I think everybody has a responsibility for the wrong that's happened because of all these initiatives. And I think it's right for all these different players to acknowledge these kinds of things that are happening.
Of course they will say that these are things that happened in the past, not really much now, but I don't think so. And the report that you came up with from the Rainforest Foundation UK shows that it's still continuing up to the present.
I wouldn't be receiving the complaints, the allegations, if everything is happening in the right way.
What is your message to the general public? Do you think that they can trust the vision of conservation that is being promoted?
I think that the general public has to be made aware about the reality of the findings in the world today of the areas that are still protected in a better sense, in terms of biodiversity being still vibrant and being protected, in terms of biodiversity being used in a sustainable way. Those areas are overlapping with indigenous peoples' territories.
That kind of message has to be made more public, be made more known. In truth the better protected areas are areas where indigenous peoples live. It's because they still continue to practice their traditional systems of protection. Their livelihoods are very much aware of sustainable use of this biodiversity. So the world should know that.
"Traditional indigenous territories encompass around 22 per cent of the world's land surface and they coincide with areas that hold 80 per cent of the planet's biodiversity. There is increasing recognition that the ancestral lands of indigenous peoples contain the most intact ecosystems and provide the most effective and sustainable form of conservation." From Statement to the UN General Assembly.
The world should see the maps where protected areas being managed by government are destroyed, while protected areas for the management by indigenous peoples are better, the forest is more, the forests are kept in better shape. Even the flora and the fauna in those forests are still there.
The public has to know that. Because if that is known, then the direct correlation between respect for human rights and particularly land rights, territorial rights, resource rights, the respect for those rights is correlated directly with the protection of the ecosystem.
And I think that is the message that's not being made widely known. I believe that if people really see the evidence, they will know that that is what's really happening.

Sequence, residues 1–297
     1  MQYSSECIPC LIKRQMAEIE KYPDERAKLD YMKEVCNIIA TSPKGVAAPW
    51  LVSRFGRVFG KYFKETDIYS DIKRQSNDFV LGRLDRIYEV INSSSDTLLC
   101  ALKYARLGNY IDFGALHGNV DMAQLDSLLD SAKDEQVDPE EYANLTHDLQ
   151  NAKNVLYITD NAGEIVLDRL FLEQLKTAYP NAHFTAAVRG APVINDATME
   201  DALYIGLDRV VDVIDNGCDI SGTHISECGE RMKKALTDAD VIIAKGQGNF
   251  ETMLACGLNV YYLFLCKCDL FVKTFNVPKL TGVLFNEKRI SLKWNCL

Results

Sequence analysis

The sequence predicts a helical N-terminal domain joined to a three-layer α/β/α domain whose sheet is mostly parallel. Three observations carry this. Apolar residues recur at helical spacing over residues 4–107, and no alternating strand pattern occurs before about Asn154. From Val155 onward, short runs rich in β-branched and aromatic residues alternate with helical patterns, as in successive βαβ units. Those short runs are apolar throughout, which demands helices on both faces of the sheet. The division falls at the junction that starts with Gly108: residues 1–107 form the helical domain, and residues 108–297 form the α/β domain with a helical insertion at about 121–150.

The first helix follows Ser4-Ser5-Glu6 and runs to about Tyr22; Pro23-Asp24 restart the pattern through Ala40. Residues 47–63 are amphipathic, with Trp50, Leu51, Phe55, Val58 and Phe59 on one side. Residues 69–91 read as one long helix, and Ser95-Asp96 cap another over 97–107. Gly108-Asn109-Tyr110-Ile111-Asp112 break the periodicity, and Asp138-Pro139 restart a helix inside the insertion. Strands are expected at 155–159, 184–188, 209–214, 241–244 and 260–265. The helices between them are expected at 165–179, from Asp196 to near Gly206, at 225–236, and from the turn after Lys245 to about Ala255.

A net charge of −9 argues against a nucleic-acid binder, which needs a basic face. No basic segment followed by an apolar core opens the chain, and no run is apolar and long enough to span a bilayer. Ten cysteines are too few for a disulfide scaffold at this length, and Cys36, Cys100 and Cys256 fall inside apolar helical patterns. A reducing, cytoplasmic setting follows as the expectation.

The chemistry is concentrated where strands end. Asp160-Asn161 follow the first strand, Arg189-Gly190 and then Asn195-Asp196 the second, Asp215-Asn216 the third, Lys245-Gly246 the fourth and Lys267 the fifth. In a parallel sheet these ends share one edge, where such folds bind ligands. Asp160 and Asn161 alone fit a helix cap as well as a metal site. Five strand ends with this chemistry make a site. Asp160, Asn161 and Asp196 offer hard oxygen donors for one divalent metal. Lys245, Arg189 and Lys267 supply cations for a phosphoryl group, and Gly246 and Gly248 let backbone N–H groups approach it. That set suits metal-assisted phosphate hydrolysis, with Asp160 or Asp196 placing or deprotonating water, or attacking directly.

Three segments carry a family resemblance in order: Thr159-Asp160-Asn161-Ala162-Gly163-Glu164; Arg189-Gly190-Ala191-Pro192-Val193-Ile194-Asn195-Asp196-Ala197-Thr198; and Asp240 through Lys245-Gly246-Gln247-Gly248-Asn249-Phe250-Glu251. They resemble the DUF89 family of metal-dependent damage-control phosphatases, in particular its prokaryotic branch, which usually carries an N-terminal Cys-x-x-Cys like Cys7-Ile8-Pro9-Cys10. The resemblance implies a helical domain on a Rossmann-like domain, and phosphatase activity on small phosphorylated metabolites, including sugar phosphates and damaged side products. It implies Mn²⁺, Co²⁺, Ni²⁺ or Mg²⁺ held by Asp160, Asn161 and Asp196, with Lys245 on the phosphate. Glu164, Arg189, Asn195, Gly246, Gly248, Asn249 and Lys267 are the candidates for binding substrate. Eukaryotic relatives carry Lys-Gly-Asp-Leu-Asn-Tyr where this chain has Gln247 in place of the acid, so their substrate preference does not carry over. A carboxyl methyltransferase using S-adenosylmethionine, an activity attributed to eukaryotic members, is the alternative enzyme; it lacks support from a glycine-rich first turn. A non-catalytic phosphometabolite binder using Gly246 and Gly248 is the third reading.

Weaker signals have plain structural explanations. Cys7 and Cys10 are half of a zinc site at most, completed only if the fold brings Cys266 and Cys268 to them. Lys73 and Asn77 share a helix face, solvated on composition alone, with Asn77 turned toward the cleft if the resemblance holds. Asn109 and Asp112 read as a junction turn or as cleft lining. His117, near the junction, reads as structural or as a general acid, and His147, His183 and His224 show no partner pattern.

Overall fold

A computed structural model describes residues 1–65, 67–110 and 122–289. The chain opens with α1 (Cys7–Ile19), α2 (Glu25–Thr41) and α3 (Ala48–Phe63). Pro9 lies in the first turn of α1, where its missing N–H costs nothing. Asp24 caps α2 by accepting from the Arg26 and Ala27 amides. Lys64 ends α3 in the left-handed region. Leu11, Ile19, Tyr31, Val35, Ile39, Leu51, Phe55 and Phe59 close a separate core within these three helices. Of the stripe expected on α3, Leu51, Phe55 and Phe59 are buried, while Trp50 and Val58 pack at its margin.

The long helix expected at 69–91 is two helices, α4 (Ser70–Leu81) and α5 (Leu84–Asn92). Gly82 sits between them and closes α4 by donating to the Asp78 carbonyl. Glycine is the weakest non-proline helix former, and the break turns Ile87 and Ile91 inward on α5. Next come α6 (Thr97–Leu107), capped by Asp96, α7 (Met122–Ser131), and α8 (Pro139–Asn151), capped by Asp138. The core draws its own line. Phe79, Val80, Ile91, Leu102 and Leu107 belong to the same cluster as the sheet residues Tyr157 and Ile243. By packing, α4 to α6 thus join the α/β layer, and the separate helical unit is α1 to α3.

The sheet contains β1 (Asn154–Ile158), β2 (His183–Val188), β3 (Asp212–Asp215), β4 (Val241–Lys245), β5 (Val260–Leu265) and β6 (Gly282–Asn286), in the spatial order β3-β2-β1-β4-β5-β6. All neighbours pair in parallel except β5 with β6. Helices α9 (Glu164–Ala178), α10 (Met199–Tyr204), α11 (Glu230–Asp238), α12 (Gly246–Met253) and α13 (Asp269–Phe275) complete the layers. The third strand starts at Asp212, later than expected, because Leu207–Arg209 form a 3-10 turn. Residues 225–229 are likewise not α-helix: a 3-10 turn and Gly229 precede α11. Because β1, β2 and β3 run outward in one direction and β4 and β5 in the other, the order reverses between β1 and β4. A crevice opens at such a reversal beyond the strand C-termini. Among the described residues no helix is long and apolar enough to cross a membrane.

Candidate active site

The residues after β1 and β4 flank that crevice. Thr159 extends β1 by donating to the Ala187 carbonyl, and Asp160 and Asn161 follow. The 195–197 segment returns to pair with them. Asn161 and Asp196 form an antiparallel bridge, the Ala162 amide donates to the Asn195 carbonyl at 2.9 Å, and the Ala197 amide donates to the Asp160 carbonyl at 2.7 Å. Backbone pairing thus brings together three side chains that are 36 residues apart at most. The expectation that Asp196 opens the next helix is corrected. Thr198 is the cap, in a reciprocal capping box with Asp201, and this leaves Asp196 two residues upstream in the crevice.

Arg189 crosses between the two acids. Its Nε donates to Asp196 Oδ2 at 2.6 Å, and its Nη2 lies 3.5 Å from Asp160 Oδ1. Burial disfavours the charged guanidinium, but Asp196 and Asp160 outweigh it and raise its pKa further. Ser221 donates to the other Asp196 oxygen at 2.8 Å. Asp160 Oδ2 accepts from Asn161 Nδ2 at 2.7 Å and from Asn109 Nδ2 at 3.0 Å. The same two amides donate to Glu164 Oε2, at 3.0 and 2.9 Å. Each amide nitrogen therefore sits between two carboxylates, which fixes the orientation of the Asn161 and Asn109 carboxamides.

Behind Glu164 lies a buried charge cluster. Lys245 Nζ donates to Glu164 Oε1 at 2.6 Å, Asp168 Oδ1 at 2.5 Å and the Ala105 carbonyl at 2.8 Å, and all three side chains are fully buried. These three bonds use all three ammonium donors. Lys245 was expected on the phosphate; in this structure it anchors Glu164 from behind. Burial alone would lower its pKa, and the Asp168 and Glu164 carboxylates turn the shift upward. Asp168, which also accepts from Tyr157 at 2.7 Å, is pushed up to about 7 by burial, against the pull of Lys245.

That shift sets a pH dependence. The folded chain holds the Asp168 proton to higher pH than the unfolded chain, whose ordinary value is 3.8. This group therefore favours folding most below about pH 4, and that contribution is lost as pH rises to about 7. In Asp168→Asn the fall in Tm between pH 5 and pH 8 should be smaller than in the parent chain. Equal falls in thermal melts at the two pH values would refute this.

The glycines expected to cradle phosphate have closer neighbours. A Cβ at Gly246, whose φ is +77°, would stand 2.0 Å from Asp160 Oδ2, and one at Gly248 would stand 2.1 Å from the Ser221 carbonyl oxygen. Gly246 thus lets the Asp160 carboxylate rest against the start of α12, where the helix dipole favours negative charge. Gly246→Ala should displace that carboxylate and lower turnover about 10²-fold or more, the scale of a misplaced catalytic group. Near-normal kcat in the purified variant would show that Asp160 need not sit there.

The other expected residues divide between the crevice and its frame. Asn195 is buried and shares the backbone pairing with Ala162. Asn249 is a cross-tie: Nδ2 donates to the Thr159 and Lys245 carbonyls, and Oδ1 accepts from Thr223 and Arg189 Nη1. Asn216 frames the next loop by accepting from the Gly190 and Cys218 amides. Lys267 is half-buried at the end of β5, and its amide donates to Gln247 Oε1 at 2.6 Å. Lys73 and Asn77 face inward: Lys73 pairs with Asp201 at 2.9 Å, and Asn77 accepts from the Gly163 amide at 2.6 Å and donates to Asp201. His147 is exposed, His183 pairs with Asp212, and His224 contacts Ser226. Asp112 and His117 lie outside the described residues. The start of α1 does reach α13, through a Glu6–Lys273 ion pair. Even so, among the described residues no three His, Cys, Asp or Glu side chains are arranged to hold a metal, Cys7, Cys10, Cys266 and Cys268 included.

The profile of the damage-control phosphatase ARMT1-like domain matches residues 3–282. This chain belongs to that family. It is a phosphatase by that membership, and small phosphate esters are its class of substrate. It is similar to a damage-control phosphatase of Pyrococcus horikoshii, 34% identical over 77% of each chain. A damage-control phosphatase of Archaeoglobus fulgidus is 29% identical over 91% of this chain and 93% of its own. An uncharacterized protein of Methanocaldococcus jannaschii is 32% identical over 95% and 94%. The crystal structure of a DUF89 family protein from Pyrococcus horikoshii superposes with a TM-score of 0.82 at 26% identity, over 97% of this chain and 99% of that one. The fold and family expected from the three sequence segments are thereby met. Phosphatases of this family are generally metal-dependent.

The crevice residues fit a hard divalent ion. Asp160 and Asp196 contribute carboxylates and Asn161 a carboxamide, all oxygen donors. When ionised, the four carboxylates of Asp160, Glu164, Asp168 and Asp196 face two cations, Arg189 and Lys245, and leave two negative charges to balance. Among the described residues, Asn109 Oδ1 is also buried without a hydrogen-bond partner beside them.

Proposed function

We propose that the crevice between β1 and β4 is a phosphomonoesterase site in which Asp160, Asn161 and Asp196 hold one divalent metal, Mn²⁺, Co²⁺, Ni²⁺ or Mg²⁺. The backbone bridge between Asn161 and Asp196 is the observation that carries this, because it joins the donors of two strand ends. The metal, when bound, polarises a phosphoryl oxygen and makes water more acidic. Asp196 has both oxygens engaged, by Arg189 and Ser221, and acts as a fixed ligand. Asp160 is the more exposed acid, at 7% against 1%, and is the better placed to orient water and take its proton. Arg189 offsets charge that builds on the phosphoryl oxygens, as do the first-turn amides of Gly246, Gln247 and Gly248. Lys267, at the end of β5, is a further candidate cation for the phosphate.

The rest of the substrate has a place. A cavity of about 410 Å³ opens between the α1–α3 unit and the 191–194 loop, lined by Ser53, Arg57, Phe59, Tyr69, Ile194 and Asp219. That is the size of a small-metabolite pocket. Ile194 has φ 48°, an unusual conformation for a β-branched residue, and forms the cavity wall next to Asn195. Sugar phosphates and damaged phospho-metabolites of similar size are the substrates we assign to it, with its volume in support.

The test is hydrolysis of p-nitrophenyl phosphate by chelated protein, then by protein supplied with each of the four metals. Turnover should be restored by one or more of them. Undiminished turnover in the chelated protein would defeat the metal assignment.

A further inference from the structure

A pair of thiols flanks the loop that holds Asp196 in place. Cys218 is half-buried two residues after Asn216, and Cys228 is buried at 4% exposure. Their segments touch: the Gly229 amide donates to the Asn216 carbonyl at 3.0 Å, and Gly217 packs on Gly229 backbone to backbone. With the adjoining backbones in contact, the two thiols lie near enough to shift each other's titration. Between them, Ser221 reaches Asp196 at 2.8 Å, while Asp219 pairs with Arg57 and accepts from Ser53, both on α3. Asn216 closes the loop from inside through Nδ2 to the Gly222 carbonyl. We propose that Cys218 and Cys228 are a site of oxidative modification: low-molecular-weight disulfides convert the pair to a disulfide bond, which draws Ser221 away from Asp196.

Then there will be a stronger push for the governments to respect human rights, and to decrease the kind of discrimination that they have against indigenous peoples, or the mis-perceptions that they have about indigenous peoples, and support them in their bid to have their land rights respected as well as give them the chance and support to be able to continue doing what they are doing, which is keeping these ecosystems in a better shape.
What role do you see for participatory approaches like community mapping?
Those activities have really helped a lot in terms of making visible the contribution of indigenous peoples in ecosystem management. Because it's the maps that will show the overlap of indigenous territories with better sustained protected areas. It's the resource inventories that are being made that makes all this visible as well.
But more importantly, the participatory mapping processes, the participatory resource inventories, the community based monitoring systems, are the kinds of approaches that should be provided to indigenous peoples so that they will be able to produce the evidence that it's their knowledge system that they are using that allows for this kind of picture to emerge.
It's also important, of course, if they have all this data in their hands, then they can also influence the land use plans, even at the government level. We have examples where indigenous peoples map their territories, they did the resource inventories, and on the basis of that they made the plans of how to use the lands in more sustainable ways.
"In Honduras, I witnessed that the lack of full recognition, protection and enjoyment of indigenous peoples' rights to ancestral lands and natural resources is a fundamental problem as is impunity for the increasing violence against indigenous peoples.
"During my visit, I met with Berta Cáceres, an indigenous Lenca activist who was killed four months later (on 3 March 2016) because of her protests against the Agua Zarca dam project, even though she had been awarded precautionary protection measures from the Inter-American Commission on Human Rights.
"I will continue to monitor the investigations into Ms. Caceres' murder and urge the State to hold the perpetrators accountable and break the vicious cycle of impunity." From Statement to the UN General Assembly.
They have the plans in terms of integrated approaches like landscape approaches, and then they go to the municipal government and tell them, "These are the plans that we would like you to implement because these are the plans that, these are what we have been doing in the past and this is what has protected our forest, our water sources.
"And if you are not going to support this plan, and do the kinds of plans that you do, which came from top down, from the national government down to you, then there's no hope for us to sustain our territories."
I think there should be much more support for those kinds of things, because that's the way to ensure participation. That's the way to ensure respect for the rights of indigenous peoples. Those are the ways that will emerge, that will come up with all this data, and information, that proves what they have been saying since time immemorial.
Any technology, any approach, that will surface these kinds of contributions, can be used by indigenous peoples collectively to get states to respect their rights better, and conservation organisations to change the ways that they are doing things.
Read more at The Ecologist.